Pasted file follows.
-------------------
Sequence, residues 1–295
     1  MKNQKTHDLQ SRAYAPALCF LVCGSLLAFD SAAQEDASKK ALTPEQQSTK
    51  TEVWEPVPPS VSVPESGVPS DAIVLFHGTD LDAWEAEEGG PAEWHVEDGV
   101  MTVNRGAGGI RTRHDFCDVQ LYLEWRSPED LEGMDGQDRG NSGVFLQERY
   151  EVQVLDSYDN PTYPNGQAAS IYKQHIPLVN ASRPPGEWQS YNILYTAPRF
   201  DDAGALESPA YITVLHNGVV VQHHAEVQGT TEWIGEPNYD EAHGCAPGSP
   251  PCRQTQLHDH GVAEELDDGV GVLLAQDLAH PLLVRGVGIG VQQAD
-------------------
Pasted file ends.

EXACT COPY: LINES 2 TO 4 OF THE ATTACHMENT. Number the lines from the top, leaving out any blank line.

     1  MKNQKTHDLQ SRAYAPALCF LVCGSLLAFD SAAQEDASKK ALTPEQQSTK
    51  TEVWEPVPPS VSVPESGVPS DAIVLFHGTD LDAWEAEEGG PAEWHVEDGV
   101  MTVNRGAGGI RTRHDFCDVQ LYLEWRSPED LEGMDGQDRG NSGVFLQERY